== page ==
A spate of Seattle restaurants say bring on the new minimum wage.
Who’s afraid of $15? Not the people bringing new franchise restaurants to Seattle, despite the International Franchise Association’s (IFA) dark warnings.
The IFA claimed that the faster implementation of the rising minimum wage required for big businesses — which must get to $15 within three years instead of seven — was discriminatory. It lost a suit against the city (and a subsequent appeal), with the judge ruling that no evidence showed that the law would cause franchises to suffer or close.
Despite the advertising resources, buying power, name recognition and other advantages a franchise structure provides, IFA spokesman Matt Haller still said recently that the accelerated minimum-wage schedule puts franchises in Seattle at “a competitive disadvantage … It’s the unfortunate reality of the mayor and city council’s decision to discriminate against family-owned franchise restaurants in their community.”
Anecdote isn’t evidence, and it’s too early for meaningful data to be available. But meanwhile, people are opening chain restaurants that are entirely new to Seattle, and they have little concern about the city’s minimum wage — they’re even celebrating it.
Reyaz Kassamali brought the first CaliBurger in Washington to the University District a month ago. He’s not only undaunted about running a franchise in Seattle, he was grateful to just get a space. It took diligent looking in the “very tight” real estate market to score the location on the Ave, he said. “You take what you can get when you find it, and we lucked out.”
With regards to $15, Kassamali said, “I think it’s a fair proposal. I think it’s been a while since the wage was adjusted to reflect cost of living … It’s something we have to work with, and figure out, and solve, and I think everyone else is trying to do the same thing at the same time. But I think being in Seattle — being at this location — the trade-off for us was fair.”
“A rising tide lifts all boats,” he said. And a month in, “Business has been booming.”
Franchisee Joe Fernandez is opening a branch of longtime Midwestern burger chain Steak ’n Shake in the former Bruno’s space on Third and Pike, a block that might fairly be called blighted. Reached by phone, he said the high visibility of a downtown location is an advantage, and that he’s already planning to open more Steak ’n Shakes in other Seattle neighborhoods.
Was $15 an impediment to choosing a Seattle location? “Absolutely not,” Fernandez said. He understands that he’ll be “ramping up faster to a higher minimum wage than other restaurants.” And he noted, “This is my first restaurant — my first business venture — so that does impact me, more so than just about anybody. But we’re going to work with the rules the way they are and do our best.”
After we talked on the phone, Fernandez emailed me: “I remembered another reason why I’m not too worried about the minimum wage discrepancy between franchise and independent restaurants. During those few years where we will be paying a higher wage, it would be logical to assume we would be attracting better employees. This will have a positive impact on our guests and help our overall employee retention and satisfaction.”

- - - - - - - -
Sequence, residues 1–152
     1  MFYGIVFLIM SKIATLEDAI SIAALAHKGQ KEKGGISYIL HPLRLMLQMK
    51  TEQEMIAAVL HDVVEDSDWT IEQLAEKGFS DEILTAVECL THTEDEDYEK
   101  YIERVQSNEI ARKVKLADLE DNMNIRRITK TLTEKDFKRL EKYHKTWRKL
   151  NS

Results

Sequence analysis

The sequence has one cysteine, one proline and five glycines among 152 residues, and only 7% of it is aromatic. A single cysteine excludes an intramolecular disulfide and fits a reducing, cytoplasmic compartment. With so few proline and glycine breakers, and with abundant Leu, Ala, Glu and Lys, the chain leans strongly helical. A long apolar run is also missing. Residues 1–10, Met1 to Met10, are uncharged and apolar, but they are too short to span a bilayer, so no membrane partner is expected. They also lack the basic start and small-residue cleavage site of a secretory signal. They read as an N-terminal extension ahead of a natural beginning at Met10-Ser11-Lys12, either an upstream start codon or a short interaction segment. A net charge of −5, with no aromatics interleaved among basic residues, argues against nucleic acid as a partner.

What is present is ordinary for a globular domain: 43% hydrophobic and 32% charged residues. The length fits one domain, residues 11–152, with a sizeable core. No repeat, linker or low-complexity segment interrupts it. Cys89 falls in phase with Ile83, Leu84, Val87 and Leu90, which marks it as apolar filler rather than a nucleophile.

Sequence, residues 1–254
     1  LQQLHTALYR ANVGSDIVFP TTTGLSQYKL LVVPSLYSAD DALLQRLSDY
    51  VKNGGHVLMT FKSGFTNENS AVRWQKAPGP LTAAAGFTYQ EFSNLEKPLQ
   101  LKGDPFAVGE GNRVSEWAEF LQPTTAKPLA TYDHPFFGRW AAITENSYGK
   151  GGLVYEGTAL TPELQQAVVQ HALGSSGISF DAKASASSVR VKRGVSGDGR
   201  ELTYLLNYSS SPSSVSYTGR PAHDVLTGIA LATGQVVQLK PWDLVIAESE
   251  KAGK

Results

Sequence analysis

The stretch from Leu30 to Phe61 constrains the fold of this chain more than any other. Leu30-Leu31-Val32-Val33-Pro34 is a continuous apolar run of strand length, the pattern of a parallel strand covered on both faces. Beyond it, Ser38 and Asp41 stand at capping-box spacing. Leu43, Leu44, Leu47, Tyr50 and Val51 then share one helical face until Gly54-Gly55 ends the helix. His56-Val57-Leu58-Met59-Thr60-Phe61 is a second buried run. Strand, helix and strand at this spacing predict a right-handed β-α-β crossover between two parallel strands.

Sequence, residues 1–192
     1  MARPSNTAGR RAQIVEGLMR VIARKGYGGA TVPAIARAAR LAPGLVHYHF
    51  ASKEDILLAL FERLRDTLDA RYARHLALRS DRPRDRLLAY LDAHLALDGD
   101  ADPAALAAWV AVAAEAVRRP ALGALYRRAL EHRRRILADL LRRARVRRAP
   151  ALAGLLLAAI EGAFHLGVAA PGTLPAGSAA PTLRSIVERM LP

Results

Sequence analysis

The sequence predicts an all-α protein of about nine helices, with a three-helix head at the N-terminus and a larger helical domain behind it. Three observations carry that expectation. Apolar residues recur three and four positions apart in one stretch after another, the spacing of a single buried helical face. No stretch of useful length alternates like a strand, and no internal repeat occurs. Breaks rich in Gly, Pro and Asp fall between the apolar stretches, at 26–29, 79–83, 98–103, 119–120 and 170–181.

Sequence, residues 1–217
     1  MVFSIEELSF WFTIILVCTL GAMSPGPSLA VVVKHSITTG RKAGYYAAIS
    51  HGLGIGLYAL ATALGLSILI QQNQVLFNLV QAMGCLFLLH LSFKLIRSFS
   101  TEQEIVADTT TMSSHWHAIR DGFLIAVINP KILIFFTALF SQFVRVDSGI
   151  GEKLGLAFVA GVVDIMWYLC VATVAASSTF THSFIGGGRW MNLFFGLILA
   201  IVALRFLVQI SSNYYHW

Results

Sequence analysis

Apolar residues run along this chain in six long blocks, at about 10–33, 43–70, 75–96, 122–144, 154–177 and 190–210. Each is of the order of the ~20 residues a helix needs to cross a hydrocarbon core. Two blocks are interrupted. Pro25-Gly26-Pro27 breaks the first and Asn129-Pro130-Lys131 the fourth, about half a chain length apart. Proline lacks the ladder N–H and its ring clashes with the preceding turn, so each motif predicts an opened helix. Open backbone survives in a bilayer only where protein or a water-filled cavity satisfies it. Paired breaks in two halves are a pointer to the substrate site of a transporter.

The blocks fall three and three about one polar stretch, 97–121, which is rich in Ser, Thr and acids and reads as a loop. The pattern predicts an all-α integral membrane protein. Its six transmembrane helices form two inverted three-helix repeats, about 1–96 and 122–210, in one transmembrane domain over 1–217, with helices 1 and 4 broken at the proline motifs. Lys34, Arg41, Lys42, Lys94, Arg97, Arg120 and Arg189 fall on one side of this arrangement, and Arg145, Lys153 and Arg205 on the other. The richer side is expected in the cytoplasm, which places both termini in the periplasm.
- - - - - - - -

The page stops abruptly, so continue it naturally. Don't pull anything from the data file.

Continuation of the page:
On Capitol Hill, the owner of new Ian’s Pizza, Brandon Stottler, is also unworried about $15. The company’s best-selling pie is the mac and cheese; they’ve also got a barbecue, potato, bacon and ranch version that’s “kind of like a loaded baked potato on a pizza,” Stottler said. (For a Seattle audience, he noted, this is “very recreational-cannabis friendly.”)
The chain only has four branches, so Ian’s isn’t on the accelerated timeline to $15. But Stottler and his partner own two Ian’s in the Midwest, where, he said, “We’re already paying well above the minimum wage, because we think our employees should be able to live based on the great job that they do.”
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Ironically, Ian’s Pizza is in the same Broadway space that housed Zpizza, another chain pizzeria that holds the distinction of being the only restaurant in Seattle to shut down because of the impending minimum-wage increase, according to the owner.
Habit Burger debuted last week in Kent, with plans to add 24 more locations across the state before 2022. The California chain’s burger was deemed fast food’s best by Consumer Reports. The owner of the Kent branch, AJ Jafrey — who’s also the company’s area developer — said simply, “We do not have concerns about opening in the city of Seattle with the new minimum wage, as we have always offered our employees competitive compensation.”
And Dutch Bros. Coffee — based in Grants Pass, Ore., with 250-plus locations in five states and what it calls “a pretty amazing cult following” — is also finally Seattle-bound, with 20 outlets slated for the city and surrounding markets within the next three years.
Seattle’s restaurant economy overall is booming. A Puget Sound Business Journal article last month — headlined “Apocalypse Not: $15 and the cuts that never came” — detailed some of the many nonchain openings since the law was enacted, including multiple new places from owners who vocally expected to have business suffer, like Tom Douglas and Ethan Stowell. The Washington Restaurant Association recently reported that outlying areas are raising wages to compete with Seattle’s rising minimum, rather than restaurants fleeing the city as some feared.
Nowadays, WRA President Anthony Anton offers cautious encouragement to both would-be franchisees and others. “I think go in eyes wide open,” he advises. “If you can do that, you can figure out a plan to deal with it … there’s a lot of good things going on in Seattle.”